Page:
In the NFL, nothing dealing with dollars gets done until a deadline arrives, and the league's ongoing labor fight has only hardened that reputation for procrastination and last-minute deal-making.
But deadlines do eventually come, and it's almost time for the NFL and its players to solve their four-month-plus labor impasse. Otherwise the first significant financial ramifications will be felt. Already the Aug. 7 Hall of Fame Game preseason opener looks to be a likely casualty of the owners' lockout. And if the NFL and its players do not reach a labor settlement in the next four to six days, the first full week of the 2011 preseason schedule and the revenue that comes with it could be next.
The good news is that league sources indicate a deal is within reach, and that NFL commissioner Roger Goodell could seek to have the owners sign off on an agreement in principle as early as this Sunday, in order to have a vote taken on the settlement at next Thursday's one-day league meeting in Atlanta (July 21). The bad news is we've heard that kind of optimistic timetable for a while now, and still there's no deal in place, thanks to some big issues that remain unresolved.
After talking to sources the past few days, here's how I think the next week or so could play out and what's left to deal with before the end game of the labor war occurs:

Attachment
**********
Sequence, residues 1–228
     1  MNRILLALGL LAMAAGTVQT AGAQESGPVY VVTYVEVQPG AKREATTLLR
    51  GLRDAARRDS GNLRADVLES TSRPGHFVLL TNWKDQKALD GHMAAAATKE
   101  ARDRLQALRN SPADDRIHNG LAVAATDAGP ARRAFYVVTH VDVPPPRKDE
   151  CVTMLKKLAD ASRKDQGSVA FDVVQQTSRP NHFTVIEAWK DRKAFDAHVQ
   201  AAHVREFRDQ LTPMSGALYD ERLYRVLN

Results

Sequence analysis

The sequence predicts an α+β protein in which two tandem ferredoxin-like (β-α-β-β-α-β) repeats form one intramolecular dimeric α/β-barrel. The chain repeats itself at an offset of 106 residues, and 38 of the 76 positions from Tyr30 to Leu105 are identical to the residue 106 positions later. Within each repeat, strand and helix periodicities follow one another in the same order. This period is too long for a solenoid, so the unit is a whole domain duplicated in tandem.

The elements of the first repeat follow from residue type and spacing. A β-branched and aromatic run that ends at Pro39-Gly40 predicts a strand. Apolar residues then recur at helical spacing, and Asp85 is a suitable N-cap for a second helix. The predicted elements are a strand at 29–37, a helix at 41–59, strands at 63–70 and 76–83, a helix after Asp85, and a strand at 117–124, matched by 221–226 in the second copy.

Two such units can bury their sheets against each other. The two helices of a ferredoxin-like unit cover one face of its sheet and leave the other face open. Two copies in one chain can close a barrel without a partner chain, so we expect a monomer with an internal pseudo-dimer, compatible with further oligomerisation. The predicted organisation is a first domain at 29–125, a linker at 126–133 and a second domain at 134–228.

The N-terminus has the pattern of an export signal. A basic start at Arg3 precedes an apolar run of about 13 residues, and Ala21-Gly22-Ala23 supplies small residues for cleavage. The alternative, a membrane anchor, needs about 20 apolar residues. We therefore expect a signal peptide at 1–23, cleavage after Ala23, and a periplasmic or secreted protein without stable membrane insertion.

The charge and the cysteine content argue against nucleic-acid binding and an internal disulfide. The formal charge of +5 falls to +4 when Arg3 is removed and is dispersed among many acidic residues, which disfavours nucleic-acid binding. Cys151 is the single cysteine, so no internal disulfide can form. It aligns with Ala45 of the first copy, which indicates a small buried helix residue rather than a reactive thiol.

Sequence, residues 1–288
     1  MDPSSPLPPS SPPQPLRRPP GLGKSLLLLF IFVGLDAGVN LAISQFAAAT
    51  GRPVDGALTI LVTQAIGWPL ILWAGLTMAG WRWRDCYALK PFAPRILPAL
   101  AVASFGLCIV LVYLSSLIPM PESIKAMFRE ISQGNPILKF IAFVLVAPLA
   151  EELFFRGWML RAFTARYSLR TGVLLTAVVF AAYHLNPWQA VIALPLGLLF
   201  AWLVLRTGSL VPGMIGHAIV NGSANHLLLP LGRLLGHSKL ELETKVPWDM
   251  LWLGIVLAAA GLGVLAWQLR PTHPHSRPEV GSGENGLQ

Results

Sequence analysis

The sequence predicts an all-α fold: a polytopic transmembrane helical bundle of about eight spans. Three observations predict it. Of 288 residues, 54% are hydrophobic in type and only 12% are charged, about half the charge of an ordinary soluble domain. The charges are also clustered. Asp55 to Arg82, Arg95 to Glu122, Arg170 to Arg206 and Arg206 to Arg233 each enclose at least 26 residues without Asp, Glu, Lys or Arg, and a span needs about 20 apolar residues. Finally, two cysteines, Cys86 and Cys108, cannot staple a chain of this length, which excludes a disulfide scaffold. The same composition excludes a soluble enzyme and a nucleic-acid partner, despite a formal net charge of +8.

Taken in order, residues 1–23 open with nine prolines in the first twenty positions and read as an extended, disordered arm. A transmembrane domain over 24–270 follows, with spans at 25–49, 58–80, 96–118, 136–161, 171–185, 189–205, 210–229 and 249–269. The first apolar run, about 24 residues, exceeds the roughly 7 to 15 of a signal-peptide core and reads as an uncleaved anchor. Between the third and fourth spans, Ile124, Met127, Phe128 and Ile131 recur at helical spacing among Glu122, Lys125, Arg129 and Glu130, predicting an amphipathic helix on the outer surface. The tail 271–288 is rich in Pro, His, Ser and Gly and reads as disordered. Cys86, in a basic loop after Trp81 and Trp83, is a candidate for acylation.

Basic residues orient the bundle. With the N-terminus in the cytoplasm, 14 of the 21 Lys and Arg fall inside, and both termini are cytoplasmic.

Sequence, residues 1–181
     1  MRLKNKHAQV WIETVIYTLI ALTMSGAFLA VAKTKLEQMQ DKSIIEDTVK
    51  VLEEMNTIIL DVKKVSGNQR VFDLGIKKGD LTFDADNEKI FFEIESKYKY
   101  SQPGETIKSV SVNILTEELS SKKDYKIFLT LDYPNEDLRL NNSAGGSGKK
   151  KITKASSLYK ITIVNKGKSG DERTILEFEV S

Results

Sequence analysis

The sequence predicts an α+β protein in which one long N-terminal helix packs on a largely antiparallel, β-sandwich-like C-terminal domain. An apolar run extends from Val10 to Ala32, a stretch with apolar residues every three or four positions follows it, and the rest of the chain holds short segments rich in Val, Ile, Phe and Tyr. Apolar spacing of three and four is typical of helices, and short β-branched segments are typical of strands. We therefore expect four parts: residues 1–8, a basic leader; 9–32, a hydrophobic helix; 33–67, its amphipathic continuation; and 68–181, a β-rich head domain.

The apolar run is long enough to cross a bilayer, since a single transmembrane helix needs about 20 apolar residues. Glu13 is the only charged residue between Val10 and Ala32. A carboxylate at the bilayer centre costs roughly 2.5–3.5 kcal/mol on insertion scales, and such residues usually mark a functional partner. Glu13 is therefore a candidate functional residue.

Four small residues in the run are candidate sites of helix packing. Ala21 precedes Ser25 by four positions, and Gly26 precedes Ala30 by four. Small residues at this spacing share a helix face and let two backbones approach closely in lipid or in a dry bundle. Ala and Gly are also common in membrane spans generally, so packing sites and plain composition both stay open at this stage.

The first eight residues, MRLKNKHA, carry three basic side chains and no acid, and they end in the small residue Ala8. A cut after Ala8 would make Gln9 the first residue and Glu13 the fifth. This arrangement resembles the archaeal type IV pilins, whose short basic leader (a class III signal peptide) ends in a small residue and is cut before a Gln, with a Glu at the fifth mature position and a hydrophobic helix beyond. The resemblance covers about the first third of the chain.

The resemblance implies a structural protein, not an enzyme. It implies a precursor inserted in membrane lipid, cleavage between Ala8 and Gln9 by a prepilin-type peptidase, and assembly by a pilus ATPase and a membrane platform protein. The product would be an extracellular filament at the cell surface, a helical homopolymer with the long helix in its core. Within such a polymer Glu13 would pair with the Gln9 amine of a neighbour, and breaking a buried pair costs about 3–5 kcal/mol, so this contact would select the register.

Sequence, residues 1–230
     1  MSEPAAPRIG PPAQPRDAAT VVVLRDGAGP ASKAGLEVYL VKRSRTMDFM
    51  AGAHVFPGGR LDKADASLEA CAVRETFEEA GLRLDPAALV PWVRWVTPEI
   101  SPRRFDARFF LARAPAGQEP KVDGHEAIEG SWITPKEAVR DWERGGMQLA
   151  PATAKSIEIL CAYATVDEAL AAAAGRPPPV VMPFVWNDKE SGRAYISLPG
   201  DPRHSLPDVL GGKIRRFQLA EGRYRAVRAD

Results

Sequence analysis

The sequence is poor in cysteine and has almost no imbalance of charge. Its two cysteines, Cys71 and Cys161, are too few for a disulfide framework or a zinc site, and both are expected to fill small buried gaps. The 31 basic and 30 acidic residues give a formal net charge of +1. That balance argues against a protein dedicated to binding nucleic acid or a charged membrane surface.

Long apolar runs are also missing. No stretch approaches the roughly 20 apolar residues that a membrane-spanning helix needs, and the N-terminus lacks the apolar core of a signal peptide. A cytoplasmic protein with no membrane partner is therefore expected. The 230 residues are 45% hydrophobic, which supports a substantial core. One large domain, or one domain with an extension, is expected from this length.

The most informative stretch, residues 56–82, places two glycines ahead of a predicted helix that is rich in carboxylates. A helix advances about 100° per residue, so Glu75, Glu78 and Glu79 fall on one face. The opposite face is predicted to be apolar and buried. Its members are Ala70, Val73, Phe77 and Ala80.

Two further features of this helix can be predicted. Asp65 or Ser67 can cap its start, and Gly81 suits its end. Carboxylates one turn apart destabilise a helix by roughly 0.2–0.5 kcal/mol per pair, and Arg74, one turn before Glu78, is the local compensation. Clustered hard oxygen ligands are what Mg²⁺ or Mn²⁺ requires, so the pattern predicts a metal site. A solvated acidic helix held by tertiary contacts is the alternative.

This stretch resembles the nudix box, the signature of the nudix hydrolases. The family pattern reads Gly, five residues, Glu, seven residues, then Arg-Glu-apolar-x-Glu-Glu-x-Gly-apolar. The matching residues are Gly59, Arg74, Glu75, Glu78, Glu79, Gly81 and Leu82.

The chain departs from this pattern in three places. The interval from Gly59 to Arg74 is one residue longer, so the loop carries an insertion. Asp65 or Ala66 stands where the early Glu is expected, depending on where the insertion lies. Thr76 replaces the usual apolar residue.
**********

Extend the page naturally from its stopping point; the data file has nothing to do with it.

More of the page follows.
• The five or six principal negotiators for both the league and the players resumed face-to-face talks on Wednesday in New York, where over the next three days they will wrestle with the largest remaining issue that divides the two sides: The specifics of a rookie wage scale that both owners and players favor, but not in the same format. The difference between what the owners and the players want isn't insignificant, but they're not far apart financially in their disagreement over how much to pay first-round picks in the fifth year of their rookie contracts. The issue is not seen as a likely deal-breaker for the overall CBA talks -- even if the game's top-tier agents are united against that component of the wage scale.
• Another matter that still must be negotiated at some point is the owners' request this year to have as many as three right of first refusals per team for their own unrestricted free agents, in order to minimize the glut of players eligible for free agency once the CBA again reverts to 2009, or salary-cap era rules. No one on either side should realistically expect the players to surrender that bargaining chip, which would basically gut this year's free agency class and keep 96 of the game's elite players on the sidelines during the NFL's personnel shopping season. The players might be willing to throw the owners a bone and give them one right of first refusal per team for this year only, but in any case, the league is not thought to be ready to go to the wall and delay a labor settlement over the issue.
• The two critical dates on next week's schedule are on Tuesday, when both sides are due in Minneapolis to negotiate once again with court-appointed mediator Arthur Boylan -- he's on vacation this week and not taking part in the talks in person -- and then on Thursday, when the league owners will convene in Atlanta.
Sources say Goodell will have a "heightened sense of urgency'' in the talks on Monday and Tuesday of next week, because it'll be his last chance to have something done and committed to paper in order to present a settlement proposal to the owners on Thursday in Atlanta. Goodell does not want a repeat of the end game to the '06 CBA settlement, when some owners felt like they were asked to vote on the proposal before they had even fully read and digested its contents.